The Skills section of the resume almost seems like a throwaway. You might be tempted to skip it if it your resume is looking a little long. Don’t count it out, though. I’ve said before that you can ignore the one-page resume rule. The skills section is a golden opportunity to surprise and delight a hiring manager if you follow these tips:

Share your editorial knowledge. Experience editing with the Chicago Manual of Style, MLA style, or AP style can go a long way.

Be sure to list computer skills. Yes, Microsoft Word and Microsoft Excel count. Anyone who wants a job now needs basic computer literacy. You will be even more impressive if you study extra programs or languages, including HTML and CSS.

More after the jump! Typewriter repair falls under the category of interesting skills. Image from the German Federal Archive on Wikimedia Commons under a Creative Commons license.
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The Post Academic Resume Series: Education

Image Source,Photobucket Uploader Firefox ExtensionWelcome to the Post Academic Resume Series. We’ve covered the Resume Objective and your Work Experience. Now we’re at the easy part–Education!

If you’re reading this blog, you’re going to have plenty of information for the Education section of your resume.

And that’s the problem. When filling out the Education section of your resume, you don’t want to overdo it. I am in no way suggesting that you should dumb yourself down. Far from it. You’ve gone to a good program, you’ve busted your butt for a graduate degree, and the whole world should know.

Keep your Work Experience section should be at the top. It should also be longer than the Education section. Period. Here are some tips to keep your considerable education from overwhelming the rest of your resume:

Do not list every paper your wrote or every class you took. Keep it at “PhD, English” or “PhD, Philosophy.”

More after the jump! Image of a Swedish typist, public domain on Wikimedia Commons.
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The Post Academic Resume Series: Work Experience, Part 2

Image Source,Photobucket Uploader Firefox ExtensionWelcome to the Post Academic Resume Series. We’ve covered the Resume Objective and how to describe your Work Experience. Now we’ll work on how to shape your Work Experience so it gets a hiring manager’s attention.

Now that you have created a list of jobs complete with bullet points describing what you accomplished on the job, you need to consider how to order your list of jobs.

This is trickier than it sounds, especially for career changers. Most people list their work experience in reverse chronological order. Anyone making the leap from academia to the hamster world might not want their last teaching job to be at the top of their resume, though.

For example, if you were a copy editor before you went to grad school, and now you want to go back to copy editing, that information needs to be at the top of your resume. People who work in HR departments are in a hurry, and chances are good that they’ll just scan your resume, so you need to make the most of the upper third of the page.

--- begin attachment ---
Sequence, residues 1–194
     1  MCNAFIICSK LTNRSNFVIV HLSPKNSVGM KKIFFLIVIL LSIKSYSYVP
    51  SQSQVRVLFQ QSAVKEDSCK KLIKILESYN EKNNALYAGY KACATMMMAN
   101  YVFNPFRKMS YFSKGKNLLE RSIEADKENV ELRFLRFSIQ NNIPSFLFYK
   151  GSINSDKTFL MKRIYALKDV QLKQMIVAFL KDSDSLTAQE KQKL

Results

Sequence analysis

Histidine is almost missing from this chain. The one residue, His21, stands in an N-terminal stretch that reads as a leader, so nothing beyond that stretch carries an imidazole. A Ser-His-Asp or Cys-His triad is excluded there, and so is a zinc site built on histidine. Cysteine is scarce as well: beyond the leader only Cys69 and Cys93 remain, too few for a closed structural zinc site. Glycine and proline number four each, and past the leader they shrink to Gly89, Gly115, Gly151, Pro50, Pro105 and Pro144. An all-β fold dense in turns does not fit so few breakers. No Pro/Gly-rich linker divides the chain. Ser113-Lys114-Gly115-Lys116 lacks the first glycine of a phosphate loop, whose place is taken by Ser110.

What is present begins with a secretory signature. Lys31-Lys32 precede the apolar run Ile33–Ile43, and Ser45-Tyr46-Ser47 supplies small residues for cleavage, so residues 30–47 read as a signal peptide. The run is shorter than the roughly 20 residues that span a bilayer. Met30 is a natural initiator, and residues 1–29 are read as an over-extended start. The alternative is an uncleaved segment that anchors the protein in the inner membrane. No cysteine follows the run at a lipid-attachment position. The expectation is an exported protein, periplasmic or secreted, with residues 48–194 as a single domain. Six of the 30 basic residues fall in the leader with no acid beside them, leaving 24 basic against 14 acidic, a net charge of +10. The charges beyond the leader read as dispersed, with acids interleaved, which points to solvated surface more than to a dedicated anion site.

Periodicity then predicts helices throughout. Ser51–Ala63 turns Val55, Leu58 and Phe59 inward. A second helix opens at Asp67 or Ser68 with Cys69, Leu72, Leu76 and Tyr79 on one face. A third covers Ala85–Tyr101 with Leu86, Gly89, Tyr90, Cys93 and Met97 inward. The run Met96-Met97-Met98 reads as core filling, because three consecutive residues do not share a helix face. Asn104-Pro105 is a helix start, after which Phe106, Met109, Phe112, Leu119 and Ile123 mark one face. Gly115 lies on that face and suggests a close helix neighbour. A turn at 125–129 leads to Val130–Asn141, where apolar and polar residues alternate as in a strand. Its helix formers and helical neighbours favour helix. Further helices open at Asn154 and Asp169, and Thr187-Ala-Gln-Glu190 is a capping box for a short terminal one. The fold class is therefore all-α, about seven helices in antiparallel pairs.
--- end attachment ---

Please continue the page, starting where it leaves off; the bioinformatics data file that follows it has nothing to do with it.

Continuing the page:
To pull this off, ditch the chronological order and divide your work experience into two categories:
Editorial Work Experience (or work experience related to whatever field you’re trying to break into)
Other Work Experience

More after the jump! Image of the Civilian Conservation Corps, public domain on Wikimedia Commons.
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The Post Academic Resume Series: Work Experience, Part 1

Image Source,Photobucket Uploader Firefox Extension

Welcome to the Post Academic Resume Series. We’ve covered the Resume Objective, and over the next two posts, we’ll help you with your Work Experience.

If you thought dealing with your resume objective was tough, wait until you start your work experience. This will be painful, as Arnold and I have mentioned, because you can’t talk about your publishing in depth. Here’s how to capture your teaching skills in a way that hiring managers will understand:

Get inside the head of the hiring manager. Your publications are great, but hiring managers don’t care about you. They care only about what you can do for them, so you must prove that you have skills they need.

Boil your work history into bullet points that start with action verbs. For example, here’s a glimpse of what a copywriter might say about her current job:
Copywriter/Senior Copywriter, Cookie of the Month Club, 2008-present
–Write marketing material for brochures and mailings to clients
–Write Web site content that has been optimized for search engines
–Increased response to direct mail by 5 percent
–Promoted to Senior Copywriter in 2009

More after the jump! Image from the United States Navy Department, public domain on Wikimedia Commons.
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The Post Academic Resume Series: Do You Need a Resume Objective?